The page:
Optimal efficiency is the name of the game to maximize profits in chemical manufacturing. The traditional model to load the plants and drop prices until they run at 100% is a tried method, but is it true and reliable?
Maybe, but the results are short-lived, at best, and it destroys prices across the market.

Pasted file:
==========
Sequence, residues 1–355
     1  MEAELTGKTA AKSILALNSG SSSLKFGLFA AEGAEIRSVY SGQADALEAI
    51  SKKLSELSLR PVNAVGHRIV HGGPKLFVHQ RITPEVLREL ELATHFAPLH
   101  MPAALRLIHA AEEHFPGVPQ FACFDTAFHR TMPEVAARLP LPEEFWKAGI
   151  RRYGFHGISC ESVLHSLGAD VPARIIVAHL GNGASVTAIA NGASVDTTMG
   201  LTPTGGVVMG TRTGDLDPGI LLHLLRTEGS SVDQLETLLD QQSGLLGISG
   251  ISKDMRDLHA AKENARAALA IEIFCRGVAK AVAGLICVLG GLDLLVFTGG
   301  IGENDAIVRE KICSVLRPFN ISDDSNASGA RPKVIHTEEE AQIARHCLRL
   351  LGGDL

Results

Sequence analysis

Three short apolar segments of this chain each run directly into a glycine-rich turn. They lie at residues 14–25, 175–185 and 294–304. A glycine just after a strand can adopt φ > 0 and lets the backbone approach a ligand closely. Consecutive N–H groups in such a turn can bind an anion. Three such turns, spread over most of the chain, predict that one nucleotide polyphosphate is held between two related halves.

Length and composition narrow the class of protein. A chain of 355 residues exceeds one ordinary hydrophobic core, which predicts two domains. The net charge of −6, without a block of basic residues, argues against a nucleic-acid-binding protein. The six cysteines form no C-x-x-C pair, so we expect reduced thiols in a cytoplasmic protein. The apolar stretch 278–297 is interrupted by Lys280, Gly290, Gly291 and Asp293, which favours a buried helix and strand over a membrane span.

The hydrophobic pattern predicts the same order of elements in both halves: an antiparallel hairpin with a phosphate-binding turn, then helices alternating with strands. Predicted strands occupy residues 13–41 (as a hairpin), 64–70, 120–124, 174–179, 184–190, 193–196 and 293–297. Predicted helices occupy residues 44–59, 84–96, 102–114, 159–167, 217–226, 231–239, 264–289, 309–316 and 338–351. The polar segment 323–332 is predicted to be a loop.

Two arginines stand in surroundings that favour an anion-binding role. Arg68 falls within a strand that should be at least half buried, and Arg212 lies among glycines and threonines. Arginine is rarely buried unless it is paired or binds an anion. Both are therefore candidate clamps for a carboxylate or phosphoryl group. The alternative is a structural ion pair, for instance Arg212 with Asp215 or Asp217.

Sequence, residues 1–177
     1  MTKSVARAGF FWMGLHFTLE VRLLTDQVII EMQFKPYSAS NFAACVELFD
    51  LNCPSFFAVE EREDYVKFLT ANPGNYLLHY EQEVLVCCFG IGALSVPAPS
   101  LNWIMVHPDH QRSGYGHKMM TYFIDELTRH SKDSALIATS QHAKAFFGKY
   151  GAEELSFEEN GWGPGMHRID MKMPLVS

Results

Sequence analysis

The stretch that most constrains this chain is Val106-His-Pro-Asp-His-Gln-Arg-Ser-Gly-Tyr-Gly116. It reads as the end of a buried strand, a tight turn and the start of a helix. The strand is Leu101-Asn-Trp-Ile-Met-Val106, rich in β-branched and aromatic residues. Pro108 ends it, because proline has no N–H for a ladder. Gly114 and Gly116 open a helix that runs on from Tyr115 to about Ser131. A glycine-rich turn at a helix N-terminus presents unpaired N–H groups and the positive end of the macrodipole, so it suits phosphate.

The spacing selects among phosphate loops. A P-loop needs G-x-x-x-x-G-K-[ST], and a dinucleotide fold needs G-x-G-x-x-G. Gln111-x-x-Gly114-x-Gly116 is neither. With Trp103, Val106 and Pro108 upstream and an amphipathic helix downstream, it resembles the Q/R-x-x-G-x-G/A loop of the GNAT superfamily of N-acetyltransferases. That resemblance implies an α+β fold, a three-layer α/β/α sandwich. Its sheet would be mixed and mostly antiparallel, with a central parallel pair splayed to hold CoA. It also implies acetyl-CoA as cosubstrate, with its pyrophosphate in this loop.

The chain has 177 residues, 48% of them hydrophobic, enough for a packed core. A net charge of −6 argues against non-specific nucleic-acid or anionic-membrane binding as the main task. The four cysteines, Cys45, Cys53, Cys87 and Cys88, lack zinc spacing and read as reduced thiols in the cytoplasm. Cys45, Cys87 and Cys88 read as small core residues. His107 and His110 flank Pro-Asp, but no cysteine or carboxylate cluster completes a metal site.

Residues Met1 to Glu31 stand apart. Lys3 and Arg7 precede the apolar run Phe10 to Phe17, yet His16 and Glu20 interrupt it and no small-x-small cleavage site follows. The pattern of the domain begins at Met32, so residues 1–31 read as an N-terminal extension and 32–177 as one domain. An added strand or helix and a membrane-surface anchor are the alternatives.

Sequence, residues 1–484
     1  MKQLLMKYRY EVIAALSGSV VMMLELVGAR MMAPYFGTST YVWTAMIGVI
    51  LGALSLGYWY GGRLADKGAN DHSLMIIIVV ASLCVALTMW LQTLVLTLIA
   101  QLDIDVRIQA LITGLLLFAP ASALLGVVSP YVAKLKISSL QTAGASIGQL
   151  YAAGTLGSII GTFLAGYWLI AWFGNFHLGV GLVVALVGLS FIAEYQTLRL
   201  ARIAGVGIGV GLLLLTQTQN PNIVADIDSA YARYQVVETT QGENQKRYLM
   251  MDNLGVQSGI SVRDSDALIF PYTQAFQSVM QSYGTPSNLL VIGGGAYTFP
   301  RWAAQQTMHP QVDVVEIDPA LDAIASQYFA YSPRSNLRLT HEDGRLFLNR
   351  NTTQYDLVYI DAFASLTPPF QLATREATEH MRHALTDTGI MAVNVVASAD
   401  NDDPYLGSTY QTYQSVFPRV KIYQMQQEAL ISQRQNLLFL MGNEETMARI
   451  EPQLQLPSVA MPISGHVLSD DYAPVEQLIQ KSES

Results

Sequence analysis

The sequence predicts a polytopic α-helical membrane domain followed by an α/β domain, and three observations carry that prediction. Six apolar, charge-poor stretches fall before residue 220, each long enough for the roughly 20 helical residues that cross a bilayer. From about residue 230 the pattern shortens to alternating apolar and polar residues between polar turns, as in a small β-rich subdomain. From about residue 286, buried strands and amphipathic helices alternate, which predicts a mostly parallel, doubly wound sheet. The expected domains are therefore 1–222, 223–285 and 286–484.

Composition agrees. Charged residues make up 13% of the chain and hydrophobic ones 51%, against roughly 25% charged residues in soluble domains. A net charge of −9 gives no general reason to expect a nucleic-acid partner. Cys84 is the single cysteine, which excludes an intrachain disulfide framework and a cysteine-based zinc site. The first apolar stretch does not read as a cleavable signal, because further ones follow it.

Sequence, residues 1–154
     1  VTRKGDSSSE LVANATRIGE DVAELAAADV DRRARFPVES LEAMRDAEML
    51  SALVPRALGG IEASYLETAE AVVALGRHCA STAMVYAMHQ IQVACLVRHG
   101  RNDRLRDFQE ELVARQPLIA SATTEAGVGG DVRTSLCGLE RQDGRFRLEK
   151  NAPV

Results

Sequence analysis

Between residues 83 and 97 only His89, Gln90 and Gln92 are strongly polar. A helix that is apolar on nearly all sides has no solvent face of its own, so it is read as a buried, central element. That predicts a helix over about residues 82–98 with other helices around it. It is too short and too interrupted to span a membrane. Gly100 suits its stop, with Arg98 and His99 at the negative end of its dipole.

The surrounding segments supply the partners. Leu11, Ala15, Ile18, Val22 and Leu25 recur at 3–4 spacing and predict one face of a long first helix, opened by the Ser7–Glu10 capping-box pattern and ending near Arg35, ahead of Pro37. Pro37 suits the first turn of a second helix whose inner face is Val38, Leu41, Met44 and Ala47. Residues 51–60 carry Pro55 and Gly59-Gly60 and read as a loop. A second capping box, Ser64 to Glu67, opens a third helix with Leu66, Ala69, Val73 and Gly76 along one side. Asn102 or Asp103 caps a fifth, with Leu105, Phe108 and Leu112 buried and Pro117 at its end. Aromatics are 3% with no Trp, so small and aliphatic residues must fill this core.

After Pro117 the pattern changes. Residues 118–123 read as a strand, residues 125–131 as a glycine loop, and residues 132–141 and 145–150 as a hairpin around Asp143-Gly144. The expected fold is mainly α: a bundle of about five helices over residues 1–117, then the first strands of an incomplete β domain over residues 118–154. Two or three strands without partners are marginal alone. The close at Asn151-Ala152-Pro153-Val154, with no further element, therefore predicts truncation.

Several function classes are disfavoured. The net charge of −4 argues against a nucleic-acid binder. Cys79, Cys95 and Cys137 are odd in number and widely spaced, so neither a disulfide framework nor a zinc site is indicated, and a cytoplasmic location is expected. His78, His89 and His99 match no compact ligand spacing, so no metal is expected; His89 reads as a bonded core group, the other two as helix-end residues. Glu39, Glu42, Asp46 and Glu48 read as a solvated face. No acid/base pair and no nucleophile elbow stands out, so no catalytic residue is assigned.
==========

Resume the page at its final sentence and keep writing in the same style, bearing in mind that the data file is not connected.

Modern companies are under increased pressure to maintain profitability and appease knowledgeable customers. Funny things happen when executives are scared of market dips or customer defections. The natural reaction is to simplify the process: volume equals revenue. Yet, once the plants are running at maximum capacity, revenue plateaus and more temporary fixes, like lay-offs, are implemented. It’s a rudimentary financial view that is outdated and no longer needs to be the default reaction.